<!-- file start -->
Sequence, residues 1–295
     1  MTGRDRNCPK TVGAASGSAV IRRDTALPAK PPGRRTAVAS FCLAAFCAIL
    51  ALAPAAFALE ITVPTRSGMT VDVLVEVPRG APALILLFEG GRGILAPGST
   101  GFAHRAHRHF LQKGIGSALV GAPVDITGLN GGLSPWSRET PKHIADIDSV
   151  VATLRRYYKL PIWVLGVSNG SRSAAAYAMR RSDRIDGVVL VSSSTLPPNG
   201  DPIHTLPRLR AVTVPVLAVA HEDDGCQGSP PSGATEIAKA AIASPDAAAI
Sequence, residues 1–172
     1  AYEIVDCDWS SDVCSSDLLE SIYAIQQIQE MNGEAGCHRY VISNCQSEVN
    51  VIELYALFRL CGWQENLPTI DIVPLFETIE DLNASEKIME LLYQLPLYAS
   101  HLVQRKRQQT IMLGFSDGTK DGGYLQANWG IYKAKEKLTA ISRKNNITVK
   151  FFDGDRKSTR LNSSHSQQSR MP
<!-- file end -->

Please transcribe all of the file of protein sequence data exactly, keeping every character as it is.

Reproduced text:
Sequence, residues 1–295
     1  MTGRDRNCPK TVGAASGSAV IRRDTALPAK PPGRRTAVAS FCLAAFCAIL
    51  ALAPAAFALE ITVPTRSGMT VDVLVEVPRG APALILLFEG GRGILAPGST
   101  GFAHRAHRHF LQKGIGSALV GAPVDITGLN GGLSPWSRET PKHIADIDSV
   151  VATLRRYYKL PIWVLGVSNG SRSAAAYAMR RSDRIDGVVL VSSSTLPPNG
   201  DPIHTLPRLR AVTVPVLAVA HEDDGCQGSP PSGATEIAKA AIASPDAAAI
Sequence, residues 1–172
     1  AYEIVDCDWS SDVCSSDLLE SIYAIQQIQE MNGEAGCHRY VISNCQSEVN
    51  VIELYALFRL CGWQENLPTI DIVPLFETIE DLNASEKIME LLYQLPLYAS
   101  HLVQRKRQQT IMLGFSDGTK DGGYLQANWG IYKAKEKLTA ISRKNNITVK
   151  FFDGDRKSTR LNSSHSQQSR MP